This short video captures the spirit and sequence of a River of Words investigation with 1stand 2nd graders, Ryan Road School, Florence, MA. Watch children walking, exploring and sitting quietly in the woods collecting words and images. Follow them back into the classroom where they paint watercolors, write poems and share their creations. The video concludes with the collaboratively written and illustrated book, “Whose Forest Is It?” Many thanks to Mount Holyoke student Gerlisa Garre who filmed this video and accompanied the children on their environmental investigations. Whose Forest Is It? Class Book Andrea Egitto adapted the pilot lesson “Whose Garden Is It?” for First Graders at Ryan Road School who took several field trips to the nearby Sawmill Hills Conservation Area. Check out the book they created.
What does it mean to be a friend of the river? Children in Turners Falls, MA share their insights about the river and why it's important to keep it clean. The children in this video paraded from their school to the banks of the Connecticut River to thank the river for its gifts and to donate money they raised in a read-a-thon to the annual Source to Sea clean-up. Montague and Gill Elementary Schools collaborated with River of Words along the Connecticut River in a year-long art and poetry project connecting and celebrating their river towns: the parade was conceived by a 3rd grader as a culminating event. To find out more see: Bridging Communities: How Does the River Connect Us? and The Fish in the Polka Dot Dress.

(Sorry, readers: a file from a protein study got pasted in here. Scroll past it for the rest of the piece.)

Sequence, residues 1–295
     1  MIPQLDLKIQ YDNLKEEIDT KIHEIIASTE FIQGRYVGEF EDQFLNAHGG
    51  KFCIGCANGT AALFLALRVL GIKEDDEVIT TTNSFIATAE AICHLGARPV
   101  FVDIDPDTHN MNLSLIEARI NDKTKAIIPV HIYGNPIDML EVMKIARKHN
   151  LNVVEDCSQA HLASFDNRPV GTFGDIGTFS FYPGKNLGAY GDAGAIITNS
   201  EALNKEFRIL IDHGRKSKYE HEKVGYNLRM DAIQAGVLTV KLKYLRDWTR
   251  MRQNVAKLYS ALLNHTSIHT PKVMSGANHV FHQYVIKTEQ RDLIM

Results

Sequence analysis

School-wide projects integrate science, art and environmental advocacy by celebrating the annual Source to Sea clean-up. Watch the video to see children creating school-wide Source to Sea projects, including a hip-hop performance, a Reading for Rivers fundraiser and a parade through Turner's Falls. Find out more about the Source to Sea cleanup and how your school or community can get involved. Click Here. The Fish in the Polka Dot Dress, a picture book available for purchase or download (PDF 16MB), features student artwork of trash in the river designed to bring attention to the annual cleanup. "Doing artwork to show people how they can help makes me feel really good because I don’t want the Connecticut River to be trashed anymore." "The River"by 5th Grade studentGill Elementary School Check out an illustrated cinquain poem highlighting the impact of trash on river ecology. Read in the Greenfield Recorder: "Turning the tide: Salmon story teaches lesson on river ecology."